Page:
If you’ve gotten in trouble behind the wheel in Illinois, you could be ordered by the court to file for an SR-22.
While commonly referred to as “SR-22 insurance,” an SR-22 isn’t insurance at all. Rather, it’s a document your insurance company files with the state to prove you’re covered by the minimum car insurance required to legally drive.
Here’s a look at how you can get and maintain an SR-22 in the Land of Lincoln.
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Do I need SR-22 insurance in Illinois?
In Illinois, you must file for an SR-22 if:
- You have a safety-responsibility or unsatisfied-judgment license suspension.
- Your license is revoked.
- You’re under mandatory insurance supervision.
- You’re convicted three or more times for insurance violations.
There are three types of Illinois SR-22 certificates:
- Operator’s certificate. For drivers who don’t own a vehicle.
- Owner’s certificate. For drivers who intend to drive their own cars.
- Operators-owners certificate. Coverage for all cars you might drive, whether you own them or not.
What if I don’t have a car or license?
You’ll still need to file for an SR-22 to legally get behind the wheel in Illinois. Ask your insurer for an operator’s certificate.
What if I’m from another state?
If you have an SR-22 from another state, you must maintain it while driving in Illinois. Your SR-22 might be sufficient for Illinois’ requirements, but to confirm you’re on the up and up, check with your local Illinois DMV and your insurer.
How much does an SR-22 cost in Illinois?
Once you’ve purchased or renewed a policy, most providers will file an SR-22 for a fee of $20 to $50. It’s not the fee that’s most expensive when you file for an SR-22 — you’ll also typically see higher premiums than you’re used to.
Premium increases are a result of your infractions moving you into a category of drivers that the state and insurers consider to be high risk. On top of those higher rates, you may also need to pay your coverage for the year all at once instead of on a monthly basis. Set aside time to talk with your insurance agent to determine how the SR-22 filing will affect your standing.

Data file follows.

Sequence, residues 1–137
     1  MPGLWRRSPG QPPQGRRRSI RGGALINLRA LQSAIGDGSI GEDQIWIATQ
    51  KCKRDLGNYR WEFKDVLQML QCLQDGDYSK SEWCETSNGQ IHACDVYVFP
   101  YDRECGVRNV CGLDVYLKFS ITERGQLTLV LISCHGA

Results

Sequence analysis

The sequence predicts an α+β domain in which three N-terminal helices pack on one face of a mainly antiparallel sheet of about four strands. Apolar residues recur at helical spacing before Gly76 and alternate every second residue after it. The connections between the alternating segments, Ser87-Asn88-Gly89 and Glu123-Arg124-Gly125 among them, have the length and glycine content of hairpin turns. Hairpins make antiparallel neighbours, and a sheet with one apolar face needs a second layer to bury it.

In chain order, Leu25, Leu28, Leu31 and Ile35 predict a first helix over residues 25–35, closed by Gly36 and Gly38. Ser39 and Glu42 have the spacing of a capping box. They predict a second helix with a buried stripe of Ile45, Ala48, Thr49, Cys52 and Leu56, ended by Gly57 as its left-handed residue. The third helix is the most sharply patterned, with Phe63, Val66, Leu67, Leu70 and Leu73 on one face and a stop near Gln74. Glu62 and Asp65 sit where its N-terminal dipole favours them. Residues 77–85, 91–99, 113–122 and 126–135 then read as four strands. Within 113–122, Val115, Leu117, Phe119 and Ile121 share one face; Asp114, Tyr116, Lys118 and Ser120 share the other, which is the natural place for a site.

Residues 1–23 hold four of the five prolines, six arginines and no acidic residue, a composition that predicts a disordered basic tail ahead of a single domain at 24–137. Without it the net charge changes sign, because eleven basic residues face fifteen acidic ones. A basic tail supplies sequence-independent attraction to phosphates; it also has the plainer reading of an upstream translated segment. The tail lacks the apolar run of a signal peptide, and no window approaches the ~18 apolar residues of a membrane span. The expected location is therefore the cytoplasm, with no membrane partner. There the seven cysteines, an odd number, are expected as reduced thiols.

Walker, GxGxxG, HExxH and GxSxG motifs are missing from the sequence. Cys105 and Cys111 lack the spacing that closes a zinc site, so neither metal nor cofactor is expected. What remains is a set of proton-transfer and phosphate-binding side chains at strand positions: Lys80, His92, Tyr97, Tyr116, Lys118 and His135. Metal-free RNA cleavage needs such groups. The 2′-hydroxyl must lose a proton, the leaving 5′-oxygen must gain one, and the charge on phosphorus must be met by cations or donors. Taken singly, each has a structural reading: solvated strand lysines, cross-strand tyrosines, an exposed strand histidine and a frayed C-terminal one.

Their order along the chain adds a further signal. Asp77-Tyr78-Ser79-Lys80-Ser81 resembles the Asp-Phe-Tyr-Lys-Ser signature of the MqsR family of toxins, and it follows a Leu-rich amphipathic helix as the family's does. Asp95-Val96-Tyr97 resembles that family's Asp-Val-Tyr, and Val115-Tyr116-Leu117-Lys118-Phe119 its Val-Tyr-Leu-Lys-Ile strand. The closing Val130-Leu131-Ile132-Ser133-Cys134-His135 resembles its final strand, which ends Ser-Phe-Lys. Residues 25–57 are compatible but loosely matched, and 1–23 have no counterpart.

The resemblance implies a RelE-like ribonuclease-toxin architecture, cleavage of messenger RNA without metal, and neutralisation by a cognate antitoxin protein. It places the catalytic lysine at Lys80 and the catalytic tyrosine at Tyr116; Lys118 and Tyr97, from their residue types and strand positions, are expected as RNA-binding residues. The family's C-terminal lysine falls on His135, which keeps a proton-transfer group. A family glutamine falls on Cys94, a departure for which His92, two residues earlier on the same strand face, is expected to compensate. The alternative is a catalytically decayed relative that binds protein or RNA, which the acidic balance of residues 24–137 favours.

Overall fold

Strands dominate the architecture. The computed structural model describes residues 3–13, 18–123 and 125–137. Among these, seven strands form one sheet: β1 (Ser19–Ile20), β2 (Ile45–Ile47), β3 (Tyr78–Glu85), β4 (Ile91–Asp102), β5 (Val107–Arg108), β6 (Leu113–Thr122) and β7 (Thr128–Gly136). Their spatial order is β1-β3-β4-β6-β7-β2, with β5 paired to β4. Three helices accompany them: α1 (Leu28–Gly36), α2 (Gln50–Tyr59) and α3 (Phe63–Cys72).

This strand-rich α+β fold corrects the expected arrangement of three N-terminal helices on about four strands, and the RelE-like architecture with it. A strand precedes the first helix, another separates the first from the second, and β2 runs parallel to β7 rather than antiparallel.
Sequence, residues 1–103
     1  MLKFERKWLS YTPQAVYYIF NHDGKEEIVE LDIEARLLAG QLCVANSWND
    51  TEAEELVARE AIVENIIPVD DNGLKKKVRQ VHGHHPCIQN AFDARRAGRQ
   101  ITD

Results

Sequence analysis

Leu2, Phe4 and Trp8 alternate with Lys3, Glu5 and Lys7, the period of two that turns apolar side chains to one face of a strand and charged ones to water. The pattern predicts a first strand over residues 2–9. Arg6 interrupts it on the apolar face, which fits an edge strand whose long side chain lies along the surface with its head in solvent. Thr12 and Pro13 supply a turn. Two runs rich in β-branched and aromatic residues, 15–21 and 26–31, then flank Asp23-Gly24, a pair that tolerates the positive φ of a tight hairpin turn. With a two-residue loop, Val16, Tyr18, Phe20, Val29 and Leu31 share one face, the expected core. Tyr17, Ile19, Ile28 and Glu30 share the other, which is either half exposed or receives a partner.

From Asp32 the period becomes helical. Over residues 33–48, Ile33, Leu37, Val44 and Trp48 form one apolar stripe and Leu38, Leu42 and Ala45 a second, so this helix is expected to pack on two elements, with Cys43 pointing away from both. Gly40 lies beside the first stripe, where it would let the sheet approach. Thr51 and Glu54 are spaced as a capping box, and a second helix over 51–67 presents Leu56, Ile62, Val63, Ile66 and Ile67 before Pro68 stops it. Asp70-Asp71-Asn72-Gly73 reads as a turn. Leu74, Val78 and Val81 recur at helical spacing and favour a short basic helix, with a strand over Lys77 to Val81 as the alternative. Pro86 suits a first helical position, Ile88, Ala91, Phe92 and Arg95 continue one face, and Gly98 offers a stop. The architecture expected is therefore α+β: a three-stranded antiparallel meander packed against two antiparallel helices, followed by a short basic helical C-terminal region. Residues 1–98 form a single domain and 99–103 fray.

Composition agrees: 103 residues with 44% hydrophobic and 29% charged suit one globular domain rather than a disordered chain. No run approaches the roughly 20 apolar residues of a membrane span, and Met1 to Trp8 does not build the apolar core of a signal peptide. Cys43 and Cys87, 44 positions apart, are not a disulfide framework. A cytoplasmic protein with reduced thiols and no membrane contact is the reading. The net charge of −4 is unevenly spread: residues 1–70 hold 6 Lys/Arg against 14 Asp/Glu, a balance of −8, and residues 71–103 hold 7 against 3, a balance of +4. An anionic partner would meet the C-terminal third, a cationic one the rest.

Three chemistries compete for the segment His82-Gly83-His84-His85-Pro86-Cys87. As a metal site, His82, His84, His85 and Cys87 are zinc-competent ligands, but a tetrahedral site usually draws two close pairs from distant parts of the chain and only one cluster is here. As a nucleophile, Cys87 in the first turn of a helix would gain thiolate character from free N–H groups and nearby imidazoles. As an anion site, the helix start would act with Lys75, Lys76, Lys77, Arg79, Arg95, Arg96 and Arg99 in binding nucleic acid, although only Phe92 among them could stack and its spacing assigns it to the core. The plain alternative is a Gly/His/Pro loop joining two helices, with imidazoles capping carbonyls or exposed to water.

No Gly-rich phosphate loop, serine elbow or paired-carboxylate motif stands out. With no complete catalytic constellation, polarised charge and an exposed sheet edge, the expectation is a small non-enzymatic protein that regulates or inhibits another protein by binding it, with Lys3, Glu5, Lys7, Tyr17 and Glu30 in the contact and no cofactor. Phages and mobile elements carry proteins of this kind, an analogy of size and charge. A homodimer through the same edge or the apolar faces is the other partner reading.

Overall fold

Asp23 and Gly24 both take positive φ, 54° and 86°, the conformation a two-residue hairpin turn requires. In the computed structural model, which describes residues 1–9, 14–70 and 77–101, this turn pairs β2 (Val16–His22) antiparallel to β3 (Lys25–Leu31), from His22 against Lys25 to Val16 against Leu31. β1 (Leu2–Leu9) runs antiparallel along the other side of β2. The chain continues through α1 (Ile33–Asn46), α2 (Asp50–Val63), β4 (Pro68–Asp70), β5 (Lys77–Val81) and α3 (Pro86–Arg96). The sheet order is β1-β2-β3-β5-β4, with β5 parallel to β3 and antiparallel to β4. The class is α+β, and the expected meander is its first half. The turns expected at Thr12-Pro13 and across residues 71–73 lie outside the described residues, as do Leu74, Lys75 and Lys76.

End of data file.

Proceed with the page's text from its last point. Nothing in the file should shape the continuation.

How do I file an SR-22 in Illinois?
- Find an insurer. If your current insurer is authorized to issue SR-22s in the state of Illinois, request adding one to your policy. Otherwise, you’ll need to find another provider willing to file on your behalf.
- Pay the SR-22 fee. You’ll pay a processing fee to your insurer to finalize your SR-22 filing.
- Verify minimum liability coverage. If you’re already insured, make sure your policy includes at least:
- $25,000 for injury or death to one person.
- $50,000 for injury or death to more than one person.
- $20,000 for damage to property.
These are the minimum coverage requirements for the state of Illinois. You may see this coverage listed as 25/50/20 in insurance documents.
- Submit your SR-22. Your insurance agent will file your SR-22 with the Illinois Secretary of State’s office.
- Wait for confirmation. You’ll receive a letter from your insurer and the Illinois Secretary of State that your SR-22 is accepted. Without this confirmation, you can’t legally drive in Illinois.
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How long will I need an SR-22 in Illinois?
In Illinois, most court-ordered SR-22s result in a coverage requirement of three years.
What happens if I let my SR-22 lapse?
Your insurance is required to file an SR-26 with the state Safety and Financial Responsibility Section in the event of your coverage ending. A lapse in your insurance, be it from not renewing far enough in advance, expiration or cancelation, can result in your license being suspended.
In order to prevent a gap in coverage be sure to pay your premiums on time and renew your SR-22 insurance a minimum of 45 days in advance. The insurance provider you’re going through is also required to report if you don’t renew your SR-22 coverage within 15 days of expiration, which may also result in your license being suspended.
What happens when I don’t need SR-22 coverage anymore?
After your mandate period is over you’ll be able to cancel your SR-22 coverage. To avoid a potential suspension check with your local DMV and confirm you no longer need to have that particular coverage before you change your insurance policy.
You’re responsible for staying ahead of the game when it comes to your SR-22 insurance. Monitor where you’re at in your filing period carefully, stay on top of your payments and renew before the 45-day deadline to avoid potentially getting your license suspended again.
Insurance premiums can be especially costly for drivers who have been marked as high risk. Take the time to compare your options to find the company that best fits what you can afford while providing the coverage you need.